So you think it is their fault if (e.g.) grown up children of drug addicts that were constantly neglected or even abused are not productive and respected (as grown ups)... hmm, I don't think so in such cases. I tend to think it is the fault of their parents and partly of the society who did not step in to make circumstances better for these children. Therefore society has to step in now and pay it's share (welfare). (Which does NOT(!) mean I think we should disencourage initiative, self-responsibility, pay bonuses for not working, etc., etc.)
    Last edited by clulup; 05/23/2003 at 11:32 AM.
  12. #92  
    Originally posted by clulup
    Suggesting that someone may have less possibilities as a grown up because he or she grew up without being looked after and because his or her mother was a drug addict is certainly not condescending nor patronizing.
    What does 'less possibilities' mean? Less possibilities than you? Less possibilities than me? How would have any idea what the disparities between those are? You are assigning them a handicap based on what you have (or think you have in comparison to them).
    That I do not know the child of a crack addict in person does not mean I have no basis to extrapolate from. Don't jump to conclusions.
    I don't think _I'm_ the one jumping to conclusions here.
    I am not excusing anyone of anything. And why on earth do you do you think I said somebody was inferior??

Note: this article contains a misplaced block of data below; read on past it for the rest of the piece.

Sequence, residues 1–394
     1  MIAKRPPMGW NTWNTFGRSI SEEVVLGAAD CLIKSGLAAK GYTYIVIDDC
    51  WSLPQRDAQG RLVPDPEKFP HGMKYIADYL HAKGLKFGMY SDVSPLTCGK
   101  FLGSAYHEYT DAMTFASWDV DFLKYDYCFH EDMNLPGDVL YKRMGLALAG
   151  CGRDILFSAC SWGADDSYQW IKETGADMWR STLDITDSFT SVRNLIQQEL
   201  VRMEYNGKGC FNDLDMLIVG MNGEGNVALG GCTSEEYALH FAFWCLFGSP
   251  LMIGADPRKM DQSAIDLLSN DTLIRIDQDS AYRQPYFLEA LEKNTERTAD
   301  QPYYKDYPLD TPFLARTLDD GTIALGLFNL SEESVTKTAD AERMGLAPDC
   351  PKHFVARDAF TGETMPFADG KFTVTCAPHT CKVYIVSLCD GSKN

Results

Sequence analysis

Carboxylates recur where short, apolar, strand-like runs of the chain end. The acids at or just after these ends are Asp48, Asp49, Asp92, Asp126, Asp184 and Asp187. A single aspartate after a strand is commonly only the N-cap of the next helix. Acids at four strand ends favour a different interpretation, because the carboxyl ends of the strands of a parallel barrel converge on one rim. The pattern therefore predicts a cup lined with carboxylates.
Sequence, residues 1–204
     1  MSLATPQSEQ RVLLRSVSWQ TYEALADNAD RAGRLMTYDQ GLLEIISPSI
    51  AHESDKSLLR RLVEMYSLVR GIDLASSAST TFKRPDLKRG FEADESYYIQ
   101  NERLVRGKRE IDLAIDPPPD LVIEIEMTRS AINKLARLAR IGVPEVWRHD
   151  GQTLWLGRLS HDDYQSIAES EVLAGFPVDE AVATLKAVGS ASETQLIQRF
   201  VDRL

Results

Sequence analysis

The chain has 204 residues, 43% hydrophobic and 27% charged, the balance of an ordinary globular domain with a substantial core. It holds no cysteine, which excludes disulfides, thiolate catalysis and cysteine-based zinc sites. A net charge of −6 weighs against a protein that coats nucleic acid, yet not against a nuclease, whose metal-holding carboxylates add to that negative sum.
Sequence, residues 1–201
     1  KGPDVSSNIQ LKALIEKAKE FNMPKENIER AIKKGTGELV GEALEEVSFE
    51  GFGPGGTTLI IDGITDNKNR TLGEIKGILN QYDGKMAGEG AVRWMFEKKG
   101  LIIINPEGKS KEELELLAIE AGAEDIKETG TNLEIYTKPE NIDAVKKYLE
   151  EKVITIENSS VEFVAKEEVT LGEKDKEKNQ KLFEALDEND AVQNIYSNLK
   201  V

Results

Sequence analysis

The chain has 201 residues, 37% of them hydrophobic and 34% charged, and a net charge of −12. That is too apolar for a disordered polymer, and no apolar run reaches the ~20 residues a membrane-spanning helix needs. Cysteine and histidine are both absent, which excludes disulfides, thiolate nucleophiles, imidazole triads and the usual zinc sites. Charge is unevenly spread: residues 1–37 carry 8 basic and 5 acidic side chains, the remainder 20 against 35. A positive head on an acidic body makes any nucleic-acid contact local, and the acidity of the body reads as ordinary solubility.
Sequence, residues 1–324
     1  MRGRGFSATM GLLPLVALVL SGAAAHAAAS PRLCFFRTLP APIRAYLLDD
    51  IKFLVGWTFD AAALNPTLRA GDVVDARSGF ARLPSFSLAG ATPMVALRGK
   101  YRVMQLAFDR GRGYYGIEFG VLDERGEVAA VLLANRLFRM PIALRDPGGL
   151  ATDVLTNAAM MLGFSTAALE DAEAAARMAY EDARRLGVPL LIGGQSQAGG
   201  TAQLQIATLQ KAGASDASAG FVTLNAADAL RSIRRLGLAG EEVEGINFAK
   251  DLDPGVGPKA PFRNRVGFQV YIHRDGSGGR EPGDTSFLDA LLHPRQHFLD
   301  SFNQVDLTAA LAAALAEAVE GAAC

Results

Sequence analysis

Look back at your definitions in response to Mark's post.
    So you think it is their fault if (e.g.) grown up children of drug addicts that were constantly neglected or even abused are not productive and respected (as grown ups)... hmm, I don't think so in such cases.
    Of course not, because you fantasize them with prejudiced ideas of what such kids are/think/feel/possess and how they will turn out. You can make up whatever outcome you want. Again, though, who defines what is respected or productive?
    I tend to think it is the fault of their parents and partly of the society who did not step in to make circumstances better for these children.
    How would you know what their circumstances are in the first place, or what society does for them. You see end results, then fantasize an apology.
    Therefore society has to step in now and pay it's share (welfare).
    Throwing money at something/someone isn't going to solve a problem.